Identifying Risks In Your Organisation
This is the third step in a seven-stage process of successfully tackling risk management in your organisation.
Identifying risks requires a broad approach – in fact, the broader, the better. This is an ideal opportunity to get everyone in your organisation involved in the risk management process. Perhaps you could begin with a organisation wide brainstorming session to identify any and all risks that could confront your organisation.
This may not be possible with every organisation; establishing a risk management committee or in smaller groups having one person responsible may be a better solution.
In a meeting room, have someone up the front with a pen and a white board or sheets of butcher’s paper. Their job is simply to write down any risks that the others think of; such as slipping on the polished floorboards to being hit by a stray meteorite. Depending on the size of your organisation, you may want to break up into smaller groups to brainstorm ideas, then present them to the group – you may want to assign groups to different areas of potential risk.
In any case, whilst a scattergun approach may be useful, it is worth breaking down the potential risks into sub-headings to make sure all areas are covered.
Remember that it is important to document all the potential risks that you identify, in each step of the risk management process. The statute of limitations in public liability cases in quite broad; therefore complete documentation is vital.
A risk is anything that can cause harm, ranging from an overfilled urn to the smell of rotting food left in a cupboard in a lunch room. The classic test for identifying risks is to imagine a person entering your premises or working for the organsation; what would you warn them about or keep them away from
Some useful questions to ask when identifying risk include:
- What can happen When, where, why and how might this occur
- Who and what might be involved
- Who will be affected if this happens
It is important to define risks in terms that are useful in figuring out how to treat that risk.
A risk usually comprises three parts:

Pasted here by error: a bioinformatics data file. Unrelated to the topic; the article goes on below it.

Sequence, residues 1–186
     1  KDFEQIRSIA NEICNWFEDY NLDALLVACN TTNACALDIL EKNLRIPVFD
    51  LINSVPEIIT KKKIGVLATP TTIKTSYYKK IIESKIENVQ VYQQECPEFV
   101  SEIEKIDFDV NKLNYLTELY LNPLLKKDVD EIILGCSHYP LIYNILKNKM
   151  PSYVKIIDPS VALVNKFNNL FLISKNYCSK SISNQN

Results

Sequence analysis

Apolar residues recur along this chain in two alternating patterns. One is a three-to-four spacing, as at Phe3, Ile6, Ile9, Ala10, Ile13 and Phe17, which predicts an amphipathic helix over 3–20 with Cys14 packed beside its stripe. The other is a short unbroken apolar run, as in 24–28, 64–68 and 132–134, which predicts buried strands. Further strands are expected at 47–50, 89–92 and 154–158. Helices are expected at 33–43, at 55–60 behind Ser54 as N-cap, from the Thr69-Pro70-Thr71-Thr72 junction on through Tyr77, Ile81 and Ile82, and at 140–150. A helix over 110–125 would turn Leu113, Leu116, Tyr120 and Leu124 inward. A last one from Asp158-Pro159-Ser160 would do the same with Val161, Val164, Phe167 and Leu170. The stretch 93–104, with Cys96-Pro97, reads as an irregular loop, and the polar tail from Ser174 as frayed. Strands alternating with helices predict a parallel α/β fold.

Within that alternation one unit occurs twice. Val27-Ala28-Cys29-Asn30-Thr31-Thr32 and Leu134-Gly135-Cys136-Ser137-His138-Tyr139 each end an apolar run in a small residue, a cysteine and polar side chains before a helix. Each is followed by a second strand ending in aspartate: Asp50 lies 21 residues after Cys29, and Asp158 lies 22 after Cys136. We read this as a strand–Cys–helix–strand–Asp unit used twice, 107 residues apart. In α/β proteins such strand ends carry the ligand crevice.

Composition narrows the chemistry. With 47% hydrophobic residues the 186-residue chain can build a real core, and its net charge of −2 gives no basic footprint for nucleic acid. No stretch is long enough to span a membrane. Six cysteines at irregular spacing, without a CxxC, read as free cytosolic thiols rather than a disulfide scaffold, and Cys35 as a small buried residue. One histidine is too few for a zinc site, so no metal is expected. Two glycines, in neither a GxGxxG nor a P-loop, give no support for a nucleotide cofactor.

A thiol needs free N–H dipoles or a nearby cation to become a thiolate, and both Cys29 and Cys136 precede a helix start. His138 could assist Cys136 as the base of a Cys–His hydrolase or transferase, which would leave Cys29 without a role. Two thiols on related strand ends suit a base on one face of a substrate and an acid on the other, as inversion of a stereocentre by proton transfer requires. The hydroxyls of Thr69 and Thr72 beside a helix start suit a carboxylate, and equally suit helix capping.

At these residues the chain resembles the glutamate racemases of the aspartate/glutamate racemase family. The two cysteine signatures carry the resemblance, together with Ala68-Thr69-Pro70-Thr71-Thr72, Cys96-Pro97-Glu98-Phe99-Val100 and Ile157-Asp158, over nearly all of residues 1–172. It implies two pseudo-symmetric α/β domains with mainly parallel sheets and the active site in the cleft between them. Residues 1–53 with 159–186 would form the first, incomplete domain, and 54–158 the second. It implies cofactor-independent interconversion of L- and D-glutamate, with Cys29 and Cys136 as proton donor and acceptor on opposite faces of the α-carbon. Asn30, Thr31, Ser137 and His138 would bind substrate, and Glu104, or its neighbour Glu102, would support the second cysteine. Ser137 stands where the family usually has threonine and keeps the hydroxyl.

- A source
- Something at risk
- An effect
For example, just listing “fire” as a risk doesn’t provide enough information to properly evaluate or treat that risk. But if the risk is defined as “there is a risk that a heater in a process will catch fire and cause damage to the machinery” we have somewhere to start.
Every organisation will produce a long list of potential hazards. So, the question is, where do we start There are a number of ways of tackling the task of identifying all the risks in your organisation, but each involves breaking them down so you’re not trying to tackle the whole problem at once.
You might want to go through your premises room by room, or list your activities one by one, identifying areas of potential risk as you go.
- Are benches at a safe height, are the surfaces appropriate for the application
- Are there any trailing power cables
- Are doors and windows fitted with locks to prevent break-ins
- Are there adequate first aid kits available and trained staff to administer first aid
Toilets and Rest Rooms
- Is the hot-water system regularly serviced and well maintained
- What is the floor like Can it get wet and create the danger of slips or falls
Lunch Room and Meals area
- Are there any electrical items that could create a fire hazard
- Do you have cooking areas, hot food or boiling water that could cause burns
- Do you have food handling measures in place
These are just a few of the questions that may arise – many others will present themselves as you walk through your premises taking a close look at everything and just thinking about what could happen. Remember to also think above and below your premises – the roof, basement, storage areas, car parks etc.
Going from room to room is one way of identifying risks, but it might not be suitable for every organisation. However, it is a good idea to attempt to break down hazards into particular topics.
It is your responsibility to make your organisation a safe environment for anybody who is likely to come into contact with it, including those who do not have permission to enter. A key point is to make sure you inspect your facilities, equipment and premises regularly.
Other ways to help complete a list of potential risks include:
- Incident review – examine events that have occurred previously and are recorded or remembered, to help generate an image of the site or function you are examining.
- Interviews – talk to locals, council risk managers, other professionals, people who know the area or function, staff, emergency personnel. Talk to people who run organisations similar to yours to find out what risks they have encountered.
- Documentation – what maps, procedures, photographs, video, records, articles, signs, notes or reports are already in existence
- Guidelines – eg. electrical safety standards, signage guidance manuals
- Site visits – physical findings. Use a checklist. What should you look for